Virginia Democrats Are Hopeful They'll Win Red Congressional District
STEVE INSKEEP, HOST:
In this fall's election, Republicans are trying to fend off further losses in the House. Ben Paviour reports on a Virginia district that could flip.
BEN PAVIOUR, BYLINE: The little town of Fork Union, Va., voted for President Trump by 3 points in 2016. Since then, residents like Ron Lewis say things have gotten worse.
RON LEWIS: As you can see, there's no businesses now. Only thing we have is a drug store and a bank.
PAVIOUR: Just this spring, a half-century-old restaurant closed its doors. Now Lewis and other locals have gathered in its parking lot to hear from Democratic congressional hopeful Cameron Webb, a man Lewis believes has the background to help turn Fork Union's tides. Webb speaks from a distance. He was treating COVID-19 patients until just a few days ago.
CAMERON WEBB: I'm a doctor, I'm a lawyer, and I'm a professor at the University of Virginia. And I know y'all are looking at me like I'm too young to do all that. Listen, I'm 37 years old, and Black don't crack. And that's the reason that it works that way.
WEBB: But anyway...
PAVIOUR: In 2015, Webb added a White House fellowship to his resume. When President Trump took office, Webb says his desk was moved to the hallway.
WEBB: I joke, they made the biggest mistake they could of 'cause they left an extrovert in the hallway. So all I did is started walking around every day.
PAVIOUR: Webb says he was able to find common ground with Republicans. It's a strategy he's now taking to the campaign trail in a district Trump won by 11 points. Several polls now show Webb with a slight lead.
WEBB: It's in play. It's more than in play.
PAVIOUR: Dave Wasserman edits the Cook Political Report, which now classifies the race as a tossup.
DAVE WASSERMAN: Democrats landed perhaps their best candidate of the cycle anywhere in the country in Cameron Webb.
PAVIOUR: Wasserman says Webb is driving Democratic enthusiasm deep in Trump country. It's a trend he's seen across the U.S.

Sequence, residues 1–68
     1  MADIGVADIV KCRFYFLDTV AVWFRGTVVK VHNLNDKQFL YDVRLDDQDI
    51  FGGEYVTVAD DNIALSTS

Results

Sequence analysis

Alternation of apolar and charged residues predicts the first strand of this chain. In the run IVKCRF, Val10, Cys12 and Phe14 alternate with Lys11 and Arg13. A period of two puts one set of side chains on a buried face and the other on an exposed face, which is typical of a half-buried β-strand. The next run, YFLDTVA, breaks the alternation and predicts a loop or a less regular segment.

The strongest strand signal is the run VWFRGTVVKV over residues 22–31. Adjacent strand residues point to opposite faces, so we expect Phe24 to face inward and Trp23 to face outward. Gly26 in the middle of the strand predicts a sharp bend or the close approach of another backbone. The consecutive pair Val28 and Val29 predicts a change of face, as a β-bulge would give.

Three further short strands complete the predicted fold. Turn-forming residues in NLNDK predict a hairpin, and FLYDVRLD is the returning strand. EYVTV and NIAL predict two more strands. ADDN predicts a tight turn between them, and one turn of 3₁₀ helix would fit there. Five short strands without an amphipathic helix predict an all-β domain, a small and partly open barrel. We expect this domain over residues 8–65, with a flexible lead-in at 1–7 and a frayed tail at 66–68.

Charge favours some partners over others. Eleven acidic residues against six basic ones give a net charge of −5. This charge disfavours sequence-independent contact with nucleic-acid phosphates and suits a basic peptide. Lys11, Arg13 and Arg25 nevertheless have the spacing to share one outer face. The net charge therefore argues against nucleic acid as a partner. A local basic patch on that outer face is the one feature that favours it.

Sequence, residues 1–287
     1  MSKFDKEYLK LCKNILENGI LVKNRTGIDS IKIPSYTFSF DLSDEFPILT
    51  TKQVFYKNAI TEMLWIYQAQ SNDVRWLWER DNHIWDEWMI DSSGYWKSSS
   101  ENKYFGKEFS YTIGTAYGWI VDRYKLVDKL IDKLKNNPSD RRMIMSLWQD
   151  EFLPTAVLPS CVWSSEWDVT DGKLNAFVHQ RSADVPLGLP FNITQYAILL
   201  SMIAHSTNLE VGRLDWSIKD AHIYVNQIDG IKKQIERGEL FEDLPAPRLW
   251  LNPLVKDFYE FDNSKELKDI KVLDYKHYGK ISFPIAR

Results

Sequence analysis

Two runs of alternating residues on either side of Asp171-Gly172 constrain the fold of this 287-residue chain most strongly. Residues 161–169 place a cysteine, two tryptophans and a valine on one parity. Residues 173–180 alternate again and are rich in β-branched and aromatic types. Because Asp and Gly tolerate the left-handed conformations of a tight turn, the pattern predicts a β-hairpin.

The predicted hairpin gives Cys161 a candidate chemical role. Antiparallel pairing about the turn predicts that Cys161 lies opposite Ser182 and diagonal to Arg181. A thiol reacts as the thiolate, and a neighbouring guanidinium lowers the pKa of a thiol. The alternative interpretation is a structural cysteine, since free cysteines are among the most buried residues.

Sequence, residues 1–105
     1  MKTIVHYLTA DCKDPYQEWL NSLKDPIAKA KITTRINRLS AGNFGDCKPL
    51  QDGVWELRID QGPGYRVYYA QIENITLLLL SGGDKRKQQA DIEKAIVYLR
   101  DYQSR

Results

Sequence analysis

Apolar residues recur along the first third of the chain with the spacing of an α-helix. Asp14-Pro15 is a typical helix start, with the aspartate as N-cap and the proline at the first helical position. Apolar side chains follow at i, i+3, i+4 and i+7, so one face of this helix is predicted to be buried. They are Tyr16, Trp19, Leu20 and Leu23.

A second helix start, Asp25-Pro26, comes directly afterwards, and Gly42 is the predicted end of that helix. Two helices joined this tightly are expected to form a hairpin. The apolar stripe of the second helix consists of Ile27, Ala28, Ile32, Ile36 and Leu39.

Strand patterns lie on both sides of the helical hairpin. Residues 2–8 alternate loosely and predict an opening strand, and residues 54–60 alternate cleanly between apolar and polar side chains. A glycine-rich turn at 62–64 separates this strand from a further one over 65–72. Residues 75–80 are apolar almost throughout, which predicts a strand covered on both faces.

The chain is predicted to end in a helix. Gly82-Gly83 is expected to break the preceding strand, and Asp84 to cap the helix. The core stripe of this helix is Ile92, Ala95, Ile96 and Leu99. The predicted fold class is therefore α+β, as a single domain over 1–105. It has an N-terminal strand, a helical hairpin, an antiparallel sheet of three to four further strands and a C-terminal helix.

WASSERMAN: Places like suburban Indianapolis and St. Louis and San Antonio, Phoenix, Cincinnati, Omaha - these are all places where Republicans could lose seats.
PAVIOUR: Democrats like Webb hold a large fundraising edge in close House races. Due to retirements, Republicans are also defending almost three times as many open seats. Webb is running for one of them. It opened up after the sitting congressman, Republican Denver Riggleman, lost his party's nomination after he officiated a gay marriage.
WASSERMAN: Republicans have gone through essentially a civil war within their own party.
UNIDENTIFIED SINGER: (Singing) West Virginia, Blue Ridge Mountains, Shenandoah...
PAVIOUR: The GOP projected a unified front at a pig roast in the foothills of the Blue Ridge Mountains. The speakers included Bob Good, a former Liberty University athletics director who's the party's nominee to take on Webb. The self-described biblical conservative takes a dim view of Democrats.
BOB GOOD: The Democrat Party, including my opponent, frankly, is the party of death. They are the party of abortion at any time, at any reason up to the moment of birth.
PAVIOUR: Meanwhile, Webb has touted his medical expertise during the pandemic. He's one of more than half a dozen doctors running for Congress this year. Good dismisses that background.
GOOD: That's what we need is another doctor running our government, by the way.
PAVIOUR: Another issue that's come up is racial justice. Good says Webb is a radical for supporting Black Lives Matter. But in a district where 1 in 5 people are Black, voter Ron Lewis in Fork Union says Webb's background gives him an edge.
LEWIS: Because we've never had a Black person to stand up for this particular community or this county before.
PAVIOUR: Democrats briefly held the seat in 2008 with the help of Black voters. But Republicans have won every election since then. This year and this president have scrambled the old math and put some parts of Trump country back in play.
For NPR News, I'm Ben Paviour in Richmond.
(SOUNDBITE OF MUSIC) Transcript provided by NPR, Copyright NPR.
NPR transcripts are created on a rush deadline by an NPR contractor. This text may not be in its final form and may be updated or revised in the future. Accuracy and availability may vary. The authoritative record of NPR’s programming is the audio record.